By Brad Brooks and Steve Gorman VENICE, Fla. (Reuters) -Hurricane Ian, one of the mightiest to hit the U.S. mainland in recent years, flooded communities and left more than two million homes and businesses without power as it battered Florida’s Gulf Coast with howling winds, torrential rains and raging surf. By Thursday morning, Ian had […]
Powerful storm Ian heads across Florida after battering Gulf Coast
By Brad Brooks and Steve Gorman
VENICE, Fla. (Reuters) -Hurricane Ian, one of the mightiest to hit the U.S. mainland in recent years, flooded communities and left more than two million homes and businesses without power as it battered Florida’s Gulf Coast with howling winds, torrential rains and raging surf.
By Thursday morning, Ian had weakened into a tropical storm and was trekking across Florida, leaving Gulf Coast residents to pick up the pieces.
But it was still expected to produce strong winds, heavy rains and storm surge across portions of Florida, Georgia, and the Carolinas, the U.S. National Hurricane Center said.
The storm, packing maximum sustained winds of 65 mph (100 kph), was about 35 miles (55 km) southwest of Cape Canaveral, the Miami-based forecaster said.
Ian blasted ashore on Wednesday afternoon as a Category 4 hurricane with maximum sustained winds of 150 miles per hour (241 kph). It quickly turned the region’s flat, low-lying landscape into a scene of devastation.
Roiling seawaters swept into waterfront homes in Naples, Fort Myers and other towns and cities. Firefighters waded through chest-high waters to rescue people, including one woman in Naples who was stranded in her car.
In Venice and elsewhere, downed trees and power lines littered roadways, roofs were ripped off homes, and water poured into neighborhoods. Boats at their moorings were tossed around like corks.
There were no official reports of storm-related fatalities or serious injuries in Florida. But U.S. border authorities said 20 Cuban migrants were missing after their boat sank off the coast on Wednesday.
An unspecified number of people were stranded in high-risk areas after choosing to ride out the storm at home rather than heed evacuation orders, but they were beyond the immediate reach of rescue crews, Governor Ron DeSantis said.
“This storm is doing a number on the state of Florida,” DeSantis said.
He asked President Joe Biden to approve a major federal disaster declaration providing U.S. emergency aid to the entire state.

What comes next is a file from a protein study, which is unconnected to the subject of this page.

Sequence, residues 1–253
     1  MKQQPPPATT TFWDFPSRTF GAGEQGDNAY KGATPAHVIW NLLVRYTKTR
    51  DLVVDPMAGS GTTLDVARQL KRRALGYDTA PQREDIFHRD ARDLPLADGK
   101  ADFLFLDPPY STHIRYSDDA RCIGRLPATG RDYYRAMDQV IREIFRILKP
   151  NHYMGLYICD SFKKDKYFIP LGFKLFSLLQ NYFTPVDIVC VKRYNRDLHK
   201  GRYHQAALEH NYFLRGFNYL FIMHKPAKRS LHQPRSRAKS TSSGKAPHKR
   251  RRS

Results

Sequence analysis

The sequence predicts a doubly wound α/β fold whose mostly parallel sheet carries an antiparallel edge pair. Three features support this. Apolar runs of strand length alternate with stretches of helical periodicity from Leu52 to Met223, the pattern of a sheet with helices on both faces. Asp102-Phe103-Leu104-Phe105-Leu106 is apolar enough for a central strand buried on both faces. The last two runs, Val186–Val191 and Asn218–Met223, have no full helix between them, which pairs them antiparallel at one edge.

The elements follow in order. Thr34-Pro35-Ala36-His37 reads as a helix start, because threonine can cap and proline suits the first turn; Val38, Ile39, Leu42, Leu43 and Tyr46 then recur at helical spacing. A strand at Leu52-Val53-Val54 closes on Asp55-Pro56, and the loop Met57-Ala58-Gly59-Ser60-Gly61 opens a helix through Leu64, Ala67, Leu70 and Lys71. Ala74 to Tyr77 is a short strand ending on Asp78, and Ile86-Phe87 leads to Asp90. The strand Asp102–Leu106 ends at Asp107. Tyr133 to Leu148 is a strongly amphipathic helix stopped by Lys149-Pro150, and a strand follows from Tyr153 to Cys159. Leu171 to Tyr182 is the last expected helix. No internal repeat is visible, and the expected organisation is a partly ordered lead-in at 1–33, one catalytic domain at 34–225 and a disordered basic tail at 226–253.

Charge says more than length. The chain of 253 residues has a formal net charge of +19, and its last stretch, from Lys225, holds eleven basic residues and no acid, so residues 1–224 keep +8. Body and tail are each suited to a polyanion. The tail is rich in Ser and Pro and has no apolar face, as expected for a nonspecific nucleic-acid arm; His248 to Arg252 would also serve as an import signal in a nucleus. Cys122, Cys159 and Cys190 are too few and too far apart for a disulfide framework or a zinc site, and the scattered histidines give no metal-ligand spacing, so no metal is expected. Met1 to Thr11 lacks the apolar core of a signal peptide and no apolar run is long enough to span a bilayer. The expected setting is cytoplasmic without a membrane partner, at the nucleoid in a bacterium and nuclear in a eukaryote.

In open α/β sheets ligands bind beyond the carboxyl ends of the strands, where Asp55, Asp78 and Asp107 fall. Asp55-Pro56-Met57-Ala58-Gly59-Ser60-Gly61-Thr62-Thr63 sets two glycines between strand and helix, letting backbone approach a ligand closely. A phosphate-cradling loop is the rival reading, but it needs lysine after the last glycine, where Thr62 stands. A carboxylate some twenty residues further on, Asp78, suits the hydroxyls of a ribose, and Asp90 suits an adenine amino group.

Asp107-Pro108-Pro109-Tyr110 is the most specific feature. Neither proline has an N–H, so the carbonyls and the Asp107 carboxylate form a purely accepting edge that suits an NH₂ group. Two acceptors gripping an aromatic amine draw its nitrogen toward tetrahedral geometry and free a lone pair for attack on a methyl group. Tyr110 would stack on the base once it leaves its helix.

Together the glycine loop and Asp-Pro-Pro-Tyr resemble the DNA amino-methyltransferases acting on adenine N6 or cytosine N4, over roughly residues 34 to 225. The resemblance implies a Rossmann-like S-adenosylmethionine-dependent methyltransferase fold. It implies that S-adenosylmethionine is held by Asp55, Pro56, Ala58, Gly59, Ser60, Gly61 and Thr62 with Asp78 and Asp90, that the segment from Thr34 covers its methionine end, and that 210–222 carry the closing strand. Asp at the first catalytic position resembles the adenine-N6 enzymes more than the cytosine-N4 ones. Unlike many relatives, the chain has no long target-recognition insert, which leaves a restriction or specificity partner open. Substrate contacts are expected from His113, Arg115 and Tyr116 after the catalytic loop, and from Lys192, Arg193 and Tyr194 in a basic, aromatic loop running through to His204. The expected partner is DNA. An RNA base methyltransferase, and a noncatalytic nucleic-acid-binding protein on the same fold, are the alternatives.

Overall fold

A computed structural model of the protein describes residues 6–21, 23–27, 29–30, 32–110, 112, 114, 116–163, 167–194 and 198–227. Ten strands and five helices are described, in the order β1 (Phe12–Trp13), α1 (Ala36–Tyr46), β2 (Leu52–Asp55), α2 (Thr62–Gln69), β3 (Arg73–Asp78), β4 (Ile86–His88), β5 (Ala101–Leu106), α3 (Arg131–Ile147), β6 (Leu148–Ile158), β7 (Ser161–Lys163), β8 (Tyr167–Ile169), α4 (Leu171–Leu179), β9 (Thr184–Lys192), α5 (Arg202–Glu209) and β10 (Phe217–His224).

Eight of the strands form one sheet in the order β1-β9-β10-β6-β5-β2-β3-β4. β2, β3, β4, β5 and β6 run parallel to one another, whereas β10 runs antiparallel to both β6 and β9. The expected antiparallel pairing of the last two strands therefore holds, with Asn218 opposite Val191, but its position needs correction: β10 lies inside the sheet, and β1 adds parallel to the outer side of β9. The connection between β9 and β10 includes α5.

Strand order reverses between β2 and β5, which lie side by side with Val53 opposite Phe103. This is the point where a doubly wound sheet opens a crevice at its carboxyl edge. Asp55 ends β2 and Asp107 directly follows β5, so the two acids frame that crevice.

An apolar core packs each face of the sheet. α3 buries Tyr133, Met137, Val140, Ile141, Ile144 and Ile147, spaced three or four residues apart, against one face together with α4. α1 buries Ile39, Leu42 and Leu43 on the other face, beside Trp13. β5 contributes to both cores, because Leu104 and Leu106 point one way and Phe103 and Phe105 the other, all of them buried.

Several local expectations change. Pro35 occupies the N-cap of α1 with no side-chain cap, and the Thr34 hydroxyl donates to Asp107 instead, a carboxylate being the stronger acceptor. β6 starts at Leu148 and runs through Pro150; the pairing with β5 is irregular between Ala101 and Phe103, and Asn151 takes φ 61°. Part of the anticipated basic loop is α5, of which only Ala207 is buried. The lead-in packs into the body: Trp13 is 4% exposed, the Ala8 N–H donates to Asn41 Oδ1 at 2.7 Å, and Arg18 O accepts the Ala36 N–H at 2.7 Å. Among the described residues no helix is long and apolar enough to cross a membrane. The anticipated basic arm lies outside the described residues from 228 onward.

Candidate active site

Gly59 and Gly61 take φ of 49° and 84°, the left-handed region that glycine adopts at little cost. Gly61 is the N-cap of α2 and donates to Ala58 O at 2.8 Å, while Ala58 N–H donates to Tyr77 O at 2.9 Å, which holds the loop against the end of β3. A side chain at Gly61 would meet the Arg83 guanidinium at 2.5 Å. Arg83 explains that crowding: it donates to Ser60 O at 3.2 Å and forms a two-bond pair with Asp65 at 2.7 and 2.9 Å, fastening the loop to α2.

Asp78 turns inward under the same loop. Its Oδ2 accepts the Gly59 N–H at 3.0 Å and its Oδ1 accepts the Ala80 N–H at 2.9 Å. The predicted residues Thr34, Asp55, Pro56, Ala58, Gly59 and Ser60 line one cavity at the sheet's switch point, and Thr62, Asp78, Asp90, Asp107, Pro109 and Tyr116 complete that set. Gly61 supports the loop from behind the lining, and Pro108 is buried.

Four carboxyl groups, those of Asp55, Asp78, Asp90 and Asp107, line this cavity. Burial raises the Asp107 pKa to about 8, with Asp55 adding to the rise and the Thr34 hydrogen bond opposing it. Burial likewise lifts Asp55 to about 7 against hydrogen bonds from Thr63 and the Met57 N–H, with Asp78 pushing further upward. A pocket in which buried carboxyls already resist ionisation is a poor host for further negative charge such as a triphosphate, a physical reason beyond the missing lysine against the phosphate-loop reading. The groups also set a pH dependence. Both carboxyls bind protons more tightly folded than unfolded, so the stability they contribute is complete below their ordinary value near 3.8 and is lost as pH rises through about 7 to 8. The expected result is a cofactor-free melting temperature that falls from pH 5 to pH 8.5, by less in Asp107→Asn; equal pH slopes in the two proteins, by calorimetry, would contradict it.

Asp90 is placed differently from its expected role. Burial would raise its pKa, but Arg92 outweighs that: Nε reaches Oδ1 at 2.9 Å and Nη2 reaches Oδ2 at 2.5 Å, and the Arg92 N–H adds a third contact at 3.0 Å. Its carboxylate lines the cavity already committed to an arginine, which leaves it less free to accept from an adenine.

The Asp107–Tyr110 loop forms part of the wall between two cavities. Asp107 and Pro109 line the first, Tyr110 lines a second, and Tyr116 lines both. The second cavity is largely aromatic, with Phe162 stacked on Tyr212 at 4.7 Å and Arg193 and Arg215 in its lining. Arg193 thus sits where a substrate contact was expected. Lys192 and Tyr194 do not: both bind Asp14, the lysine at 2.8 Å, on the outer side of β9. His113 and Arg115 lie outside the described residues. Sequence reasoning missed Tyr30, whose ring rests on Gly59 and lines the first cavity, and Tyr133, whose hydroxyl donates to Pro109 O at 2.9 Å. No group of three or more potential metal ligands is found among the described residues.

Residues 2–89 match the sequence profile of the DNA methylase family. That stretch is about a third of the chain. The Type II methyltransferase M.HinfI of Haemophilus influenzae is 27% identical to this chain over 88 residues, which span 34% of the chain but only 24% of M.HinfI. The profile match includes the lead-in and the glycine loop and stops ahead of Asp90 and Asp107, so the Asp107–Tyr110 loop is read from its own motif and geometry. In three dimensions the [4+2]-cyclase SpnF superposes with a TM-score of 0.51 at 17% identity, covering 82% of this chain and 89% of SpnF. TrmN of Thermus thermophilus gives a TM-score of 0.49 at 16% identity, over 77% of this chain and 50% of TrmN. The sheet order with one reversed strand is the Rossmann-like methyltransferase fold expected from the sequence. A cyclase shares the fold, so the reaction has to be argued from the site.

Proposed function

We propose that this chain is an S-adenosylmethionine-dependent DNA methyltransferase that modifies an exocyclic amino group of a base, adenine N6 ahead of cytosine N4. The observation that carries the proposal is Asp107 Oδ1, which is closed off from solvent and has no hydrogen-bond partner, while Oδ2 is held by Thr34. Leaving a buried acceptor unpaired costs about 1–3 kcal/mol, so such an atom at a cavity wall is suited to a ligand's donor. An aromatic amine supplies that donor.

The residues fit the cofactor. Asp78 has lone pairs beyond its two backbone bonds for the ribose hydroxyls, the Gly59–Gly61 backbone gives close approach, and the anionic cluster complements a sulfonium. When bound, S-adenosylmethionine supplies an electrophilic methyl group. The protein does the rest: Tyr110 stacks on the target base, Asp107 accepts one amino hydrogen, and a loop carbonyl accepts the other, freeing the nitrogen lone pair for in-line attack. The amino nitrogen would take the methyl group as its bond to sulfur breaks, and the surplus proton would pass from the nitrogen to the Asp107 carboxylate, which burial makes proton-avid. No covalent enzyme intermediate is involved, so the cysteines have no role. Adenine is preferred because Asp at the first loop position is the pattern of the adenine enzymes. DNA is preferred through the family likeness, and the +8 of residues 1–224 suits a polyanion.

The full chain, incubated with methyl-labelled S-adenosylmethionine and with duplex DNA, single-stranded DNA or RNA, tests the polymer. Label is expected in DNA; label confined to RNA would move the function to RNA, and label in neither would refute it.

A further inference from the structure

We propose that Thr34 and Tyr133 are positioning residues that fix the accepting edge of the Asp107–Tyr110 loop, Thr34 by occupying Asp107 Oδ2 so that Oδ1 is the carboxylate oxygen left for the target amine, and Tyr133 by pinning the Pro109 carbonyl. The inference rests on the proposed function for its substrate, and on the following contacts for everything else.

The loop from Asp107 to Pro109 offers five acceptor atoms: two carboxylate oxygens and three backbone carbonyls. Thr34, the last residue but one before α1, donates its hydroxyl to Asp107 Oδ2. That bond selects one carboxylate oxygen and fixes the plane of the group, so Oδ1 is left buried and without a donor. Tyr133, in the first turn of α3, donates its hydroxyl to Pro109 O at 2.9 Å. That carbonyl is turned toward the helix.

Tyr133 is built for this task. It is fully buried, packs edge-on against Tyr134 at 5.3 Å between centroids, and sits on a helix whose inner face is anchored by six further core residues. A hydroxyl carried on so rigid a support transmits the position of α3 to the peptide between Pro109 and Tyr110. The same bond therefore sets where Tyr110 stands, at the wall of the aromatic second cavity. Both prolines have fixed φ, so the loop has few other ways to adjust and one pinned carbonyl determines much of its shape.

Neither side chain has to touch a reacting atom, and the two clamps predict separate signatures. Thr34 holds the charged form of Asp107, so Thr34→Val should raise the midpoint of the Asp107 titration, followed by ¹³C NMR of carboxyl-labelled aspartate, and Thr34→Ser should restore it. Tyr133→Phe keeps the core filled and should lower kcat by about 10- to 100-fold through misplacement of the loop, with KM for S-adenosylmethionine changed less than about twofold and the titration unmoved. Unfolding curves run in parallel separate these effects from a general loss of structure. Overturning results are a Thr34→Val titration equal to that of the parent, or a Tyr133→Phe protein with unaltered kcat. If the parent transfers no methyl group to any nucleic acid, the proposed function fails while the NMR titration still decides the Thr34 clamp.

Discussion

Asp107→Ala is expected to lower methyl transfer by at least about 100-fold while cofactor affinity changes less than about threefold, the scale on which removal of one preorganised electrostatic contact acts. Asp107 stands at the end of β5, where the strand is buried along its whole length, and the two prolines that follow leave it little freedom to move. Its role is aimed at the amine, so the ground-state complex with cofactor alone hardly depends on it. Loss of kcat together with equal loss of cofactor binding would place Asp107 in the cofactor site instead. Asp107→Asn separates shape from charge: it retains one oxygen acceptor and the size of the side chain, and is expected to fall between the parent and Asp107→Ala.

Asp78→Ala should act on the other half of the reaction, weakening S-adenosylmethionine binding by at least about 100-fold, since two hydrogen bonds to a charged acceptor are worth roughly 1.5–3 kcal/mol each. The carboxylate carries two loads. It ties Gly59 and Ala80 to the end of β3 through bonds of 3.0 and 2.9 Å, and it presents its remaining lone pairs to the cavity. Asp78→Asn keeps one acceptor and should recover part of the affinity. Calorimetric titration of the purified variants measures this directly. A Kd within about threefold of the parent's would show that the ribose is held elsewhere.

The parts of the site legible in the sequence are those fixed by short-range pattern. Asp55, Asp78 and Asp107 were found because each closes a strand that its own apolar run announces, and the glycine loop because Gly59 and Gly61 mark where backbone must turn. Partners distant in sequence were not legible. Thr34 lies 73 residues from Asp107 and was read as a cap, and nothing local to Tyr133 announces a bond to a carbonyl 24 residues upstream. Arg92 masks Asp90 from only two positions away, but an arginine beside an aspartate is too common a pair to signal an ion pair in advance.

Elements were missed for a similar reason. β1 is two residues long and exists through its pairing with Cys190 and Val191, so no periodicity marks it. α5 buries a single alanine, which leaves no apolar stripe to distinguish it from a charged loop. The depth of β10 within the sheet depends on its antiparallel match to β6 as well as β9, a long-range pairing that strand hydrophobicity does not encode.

HARD RAIN FALLS
Local power companies said more than 2.4 million homes and businesses in Florida were without power early on Thursday after being hit by the storm.
Some utilities had started to restore customers now that the storm has passed southern Florida but the number of outages continued to increase as the storm moved across Florida towards the Atlantic.
Florida Power & Light Co (FPL) activated its emergency response plan which included mobilizing more than 13,000 personnel to support power restoration efforts. Strong gusts and horizontal rains lashed Venice well into the night. The city lies some 32 miles northwest of where Ian first came ashore at the barrier island of Cayo Costa.
Larger structures remained mostly intact, but small, residential areas off of Highway 41 were left in a shambles.
A large open lot in front of a Winn Dixie grocery store became a lake, with waters reaching the trunks of some the cars parked there. Communications were nearly impossible in many spots.
SHELTER FROM THE STORM
Ian was forecast to weaken further as it crossed the Florida peninsula on a northeasterly track and was expected to reach the Atlantic Coast on Thursday afternoon, the NHC said.
But it continued to unleash drenching rains as it crept farther inland, threatening to bring more extensive flooding.
Up to 30 inches (76 cm) of rain was forecast to fall on parts of central Florida, the NHC said.
Hours before, Florida’s southwestern shoreline, dotted with sandy beaches, coastal towns and mobile home parks, was rapidly transformed into a disaster zone inundated by seawater.
Video images of the storm’s fury on local TV and social media showed floodwater nearly reaching rooftops in some communities, sweeping away cars and the ruins of homes as palm trees were bent almost in half.
Many mobile home residents took refuge in local schools and other facilities converted to emergency shelters. The area’s numerous assisted-living facilities were mostly evacuated, too.
DeSantis said Ian had generated life-threatening storm surges – waves of wind-driven seawater rushing in along the coast – of up to 12 feet (3.7 meters) in some places.
“This is a storm that we will talk about for many years to come, an historic event,” said Ken Graham, director of the National Weather Service.
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(Reporting by Brad Brooks in Venice, Fla.; Additional reporting by Brendan O’Brien, Jarrett Renshaw, Leah Douglas, Kanishka Singh and Tyler Clifford in Washington, Rich McKay in Atlanta and Dan Whitcomb in Los Angeles; Writing and additional reporting by Steve Gorman in Los Angeles; Editing by Angus MacSwan)